Flowers of Evil
Flowers of EvilOriginal Title: Fleurs du Mal
Director: David Dusa
France | Farsi, French
In the wake of the disputed 2009 elections in Iran, protesters took to the streets in numbers not seen since the Islamic Revolution of 1979. With the conventional press silenced by the government, citizens armed with mobile cameras and smartphones became guerrilla journalists, spreading massive calls to action via Twitter and uploading amateur videos of the bloody fallout to YouTube. The coordinated use of electronic media represented another revolution of sorts. On the canvas of this historic event, director David Dusa paints the cross-cultural romance of twentysomethings Anahita and Rachid.
When her privileged family sends her from Tehran to Paris to ensure her safety, university student Anahita clings desperately to her laptop to stay connected with friends on the bloody frontlines of the upheaval. Her single-mindedness is tested when she meets Rachid, the French-Algerian bellhop at her hotel, whose rootless, carefree approach to life (most evident in his joyful indulgence in parkour dancing) Anahita can’t help but find a little appealing. As he attempts to wake from his political slumber to get closer to her, she struggles to prevent the turmoil in Iran from contaminating their budding romance, and to let her heart guide her through a relationship that back home would land her in jail.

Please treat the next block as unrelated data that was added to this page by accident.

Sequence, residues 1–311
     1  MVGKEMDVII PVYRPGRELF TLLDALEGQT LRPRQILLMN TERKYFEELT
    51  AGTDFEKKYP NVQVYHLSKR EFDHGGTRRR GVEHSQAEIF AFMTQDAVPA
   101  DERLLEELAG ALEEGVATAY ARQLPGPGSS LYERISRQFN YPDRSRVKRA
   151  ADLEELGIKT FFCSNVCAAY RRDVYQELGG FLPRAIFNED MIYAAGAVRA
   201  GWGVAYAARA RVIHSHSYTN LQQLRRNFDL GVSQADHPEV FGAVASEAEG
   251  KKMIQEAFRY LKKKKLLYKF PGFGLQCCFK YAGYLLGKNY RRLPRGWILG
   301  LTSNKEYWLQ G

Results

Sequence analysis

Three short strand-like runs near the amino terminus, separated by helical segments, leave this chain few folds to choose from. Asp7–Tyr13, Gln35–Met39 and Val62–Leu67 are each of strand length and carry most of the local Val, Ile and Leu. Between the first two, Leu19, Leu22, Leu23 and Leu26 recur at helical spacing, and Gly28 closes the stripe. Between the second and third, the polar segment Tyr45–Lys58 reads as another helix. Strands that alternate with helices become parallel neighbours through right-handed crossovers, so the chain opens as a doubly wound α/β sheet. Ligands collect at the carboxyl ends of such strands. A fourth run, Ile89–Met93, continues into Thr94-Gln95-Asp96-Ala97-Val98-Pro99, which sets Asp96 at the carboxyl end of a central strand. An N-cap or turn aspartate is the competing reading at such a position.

Mirroring the immediacy of the Internet, Dusa delivers a raw, kinetic film that combines an intimate fictional romance with actual protest footage found on the Web, keenly personalizing the mass demonstrations in Iran and showing the catalytic power of the world’s great new democratic communication medium.
–Joel HoglundContains: Adult themes